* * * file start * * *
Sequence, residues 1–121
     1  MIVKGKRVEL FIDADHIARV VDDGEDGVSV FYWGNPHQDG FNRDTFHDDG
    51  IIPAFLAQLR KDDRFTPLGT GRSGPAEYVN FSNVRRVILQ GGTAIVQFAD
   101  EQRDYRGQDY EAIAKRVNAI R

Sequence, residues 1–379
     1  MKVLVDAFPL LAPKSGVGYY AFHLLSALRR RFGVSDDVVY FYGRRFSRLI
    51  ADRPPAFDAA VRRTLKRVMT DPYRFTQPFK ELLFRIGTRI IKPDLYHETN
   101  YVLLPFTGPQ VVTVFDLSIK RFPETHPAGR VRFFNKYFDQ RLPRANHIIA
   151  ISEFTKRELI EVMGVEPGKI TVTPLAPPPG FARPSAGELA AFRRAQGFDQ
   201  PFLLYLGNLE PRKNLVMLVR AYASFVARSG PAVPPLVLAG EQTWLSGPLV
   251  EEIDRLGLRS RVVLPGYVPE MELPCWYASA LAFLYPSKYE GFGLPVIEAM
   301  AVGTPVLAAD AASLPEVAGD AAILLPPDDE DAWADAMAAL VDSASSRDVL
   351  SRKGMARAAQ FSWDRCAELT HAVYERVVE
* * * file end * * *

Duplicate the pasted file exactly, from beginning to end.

Sequence, residues 1–121
     1  MIVKGKRVEL FIDADHIARV VDDGEDGVSV FYWGNPHQDG FNRDTFHDDG
    51  IIPAFLAQLR KDDRFTPLGT GRSGPAEYVN FSNVRRVILQ GGTAIVQFAD
   101  EQRDYRGQDY EAIAKRVNAI R

Sequence, residues 1–379
     1  MKVLVDAFPL LAPKSGVGYY AFHLLSALRR RFGVSDDVVY FYGRRFSRLI
    51  ADRPPAFDAA VRRTLKRVMT DPYRFTQPFK ELLFRIGTRI IKPDLYHETN
   101  YVLLPFTGPQ VVTVFDLSIK RFPETHPAGR VRFFNKYFDQ RLPRANHIIA
   151  ISEFTKRELI EVMGVEPGKI TVTPLAPPPG FARPSAGELA AFRRAQGFDQ
   201  PFLLYLGNLE PRKNLVMLVR AYASFVARSG PAVPPLVLAG EQTWLSGPLV
   251  EEIDRLGLRS RVVLPGYVPE MELPCWYASA LAFLYPSKYE GFGLPVIEAM
   301  AVGTPVLAAD AASLPEVAGD AAILLPPDDE DAWADAMAAL VDSASSRDVL
   351  SRKGMARAAQ FSWDRCAELT HAVYERVVE